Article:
The culmination of five years planning and preparation, the Collections Management Department at Royal Museums Greenwich has recently completed a four month collections relocation of 37,000 objects and 2,500 linear metres of library and archive material from the Museum’s previous Laurence Trading Estate storage facility to the new purpose-built Prince Philip Maritime Collections Centre (PPMCC).
By Alexandra Strachan, Collections Storage Officer
The storage team prepared the collections so they were ready and safe to be moved, designed the layouts of the new store rooms, managed the procurement of storage furniture in accordance with museum best practice, and mapped objects into specific storage locations to ensure they would fit.
They produced and managed object master lists, co-ordinated collection re-housing preparation and oversaw packing at the previous store as well as the unpacking of collections into the new stores.
Once the storage furniture was installed in the new stores, it was tested and snagged and the stores were deep-cleaned ready to receive the collections.
A team of volunteers worked on a project to print over 7,000 individual location labels and assisted the Storage Team in affixing them to numerous picture racks, cupboards, shelves, drawers and all other location levels prior to the collections moving in.
With assistance from the Conservation Department and Conservation Volunteers, vulnerable objects including small globes, un-stretched oil paintings on canvas, miniatures and fragmented ceramics and glass, had bespoke trays and boxes made and some more complex collections were moved prior to the main collections decant.
Other preparation work included collection audits, measuring and photographing objects to enhance our records; conservation cleaning of library books; packing out of uniform drawers with tissue and the securing of uniform accessories with cotton tape and pins.
1,276 ceramics were packed into 250 crates and relocated in advance, with the assistance of the Museum’s Art and Object Handling Team, to temporary storage within the Museum’s store at Kidbrooke to create much needed packing space at LTE.
The largest and most technically challenging paintings were transported first in January to allow for some of the picture racks to be dismantled and re-located and to generate more packing space.
Ensuring accurate location control once the collections arrived at PPMCC involved daily and weekly location updating on the Museum’s database which was carried out on rota by the Collections Information Team.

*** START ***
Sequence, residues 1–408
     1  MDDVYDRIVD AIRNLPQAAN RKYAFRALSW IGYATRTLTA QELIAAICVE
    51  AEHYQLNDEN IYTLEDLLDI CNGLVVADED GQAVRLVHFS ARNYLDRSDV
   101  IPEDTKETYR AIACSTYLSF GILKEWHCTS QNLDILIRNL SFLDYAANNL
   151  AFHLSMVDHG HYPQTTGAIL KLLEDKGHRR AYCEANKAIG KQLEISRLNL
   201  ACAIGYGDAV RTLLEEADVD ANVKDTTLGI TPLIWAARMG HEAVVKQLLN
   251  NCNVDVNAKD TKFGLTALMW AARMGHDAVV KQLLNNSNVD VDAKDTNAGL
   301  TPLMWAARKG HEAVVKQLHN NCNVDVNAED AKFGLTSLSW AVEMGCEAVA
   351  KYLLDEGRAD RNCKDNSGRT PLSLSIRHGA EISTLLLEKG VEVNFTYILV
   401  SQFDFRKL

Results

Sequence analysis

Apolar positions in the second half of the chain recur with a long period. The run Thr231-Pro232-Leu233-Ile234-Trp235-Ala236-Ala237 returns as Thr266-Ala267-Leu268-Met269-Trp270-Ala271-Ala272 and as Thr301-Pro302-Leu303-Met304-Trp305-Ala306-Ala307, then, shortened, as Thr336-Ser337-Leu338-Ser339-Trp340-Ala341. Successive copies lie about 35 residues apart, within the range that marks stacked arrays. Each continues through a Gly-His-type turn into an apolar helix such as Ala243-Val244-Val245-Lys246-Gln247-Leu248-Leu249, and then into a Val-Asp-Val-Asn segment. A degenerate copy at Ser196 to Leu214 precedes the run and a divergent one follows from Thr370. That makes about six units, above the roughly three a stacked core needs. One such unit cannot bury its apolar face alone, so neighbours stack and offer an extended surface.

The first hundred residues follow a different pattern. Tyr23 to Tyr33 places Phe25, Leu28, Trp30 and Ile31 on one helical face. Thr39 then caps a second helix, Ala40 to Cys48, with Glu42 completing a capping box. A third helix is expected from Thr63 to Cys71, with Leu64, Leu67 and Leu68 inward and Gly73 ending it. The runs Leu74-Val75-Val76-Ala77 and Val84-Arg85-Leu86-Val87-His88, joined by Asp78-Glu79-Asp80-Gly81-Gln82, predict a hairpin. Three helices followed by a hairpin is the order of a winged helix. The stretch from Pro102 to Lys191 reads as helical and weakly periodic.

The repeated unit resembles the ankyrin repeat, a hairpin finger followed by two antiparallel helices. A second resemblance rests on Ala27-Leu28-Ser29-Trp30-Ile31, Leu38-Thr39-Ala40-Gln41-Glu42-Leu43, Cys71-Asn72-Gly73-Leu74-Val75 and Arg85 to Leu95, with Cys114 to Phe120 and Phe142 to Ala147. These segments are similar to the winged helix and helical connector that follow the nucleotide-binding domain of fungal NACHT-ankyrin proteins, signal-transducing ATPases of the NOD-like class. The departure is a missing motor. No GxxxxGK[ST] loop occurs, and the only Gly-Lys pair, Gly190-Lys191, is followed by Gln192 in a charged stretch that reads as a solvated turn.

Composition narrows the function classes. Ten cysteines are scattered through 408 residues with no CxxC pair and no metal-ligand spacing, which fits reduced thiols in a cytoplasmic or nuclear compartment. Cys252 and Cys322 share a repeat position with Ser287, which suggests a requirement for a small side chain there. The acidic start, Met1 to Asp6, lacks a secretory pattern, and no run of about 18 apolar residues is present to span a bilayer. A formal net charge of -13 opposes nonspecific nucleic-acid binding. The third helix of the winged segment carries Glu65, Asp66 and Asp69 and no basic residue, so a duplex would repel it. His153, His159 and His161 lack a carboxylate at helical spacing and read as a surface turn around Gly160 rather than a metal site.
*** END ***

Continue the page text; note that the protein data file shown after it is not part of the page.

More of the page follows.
Small rolls were moved in their existing wooden storage units and large rolls were loaded onto the truck using purpose-built stackable supports. Oversized flat textiles were relocated using their existing wooden drawers as packing containers and stacked on pallets using purpose-built dividers. Hanging uniforms were secured on their hangers and moved on covered clothes rails in phases.
By early March 2018 we were decanting the last objects from the old painting stores, and commencing the move of paintings destined for the relative humidity sensitive store. These included panel paintings and framed pastels.
Through March we also relocated globes, glass and ceramics. Large globes such as Terrestrial Floor Globe (GLB0123) were secured to pallets and lowered from the LTE mezzanine using a fork lift. These were then fully crated for transport to PPMCC where they were installed in new custom-designed cabinets with level access to improve future retrieval.
Smaller globes were moved in bespoke storage boxes made by the Conservation Department to enable safe handling and were transported within padded trollies of different sizes.
Boxes and oversized folders of prints, drawings, sketchbooks and albums were packed into the purpose-built trolleys and 2,500 linear metres of library and archive material was packed into crates. Logistically, the latter posed quite a challenge due to the fact that we were re-using the shelves the material was stored on. To this end we scheduled a three-phased approach to decanting the material followed by the shelves. We also used the decant as an opportunity to consolidate library and archive material from two storage locations into one and, with assistance from the Library and Archive Team, were able to integrate the material and re-organise it into new consecutive sequences to aid retrieval.
The project was a great success and on the 27th of April the old store was emptied of collections ahead of the proposed completion date.
The stores opened for research visits on June 4th 2018 and will soon be followed with an exciting new programme of learning activities and events currently in development, due to commence in 2019.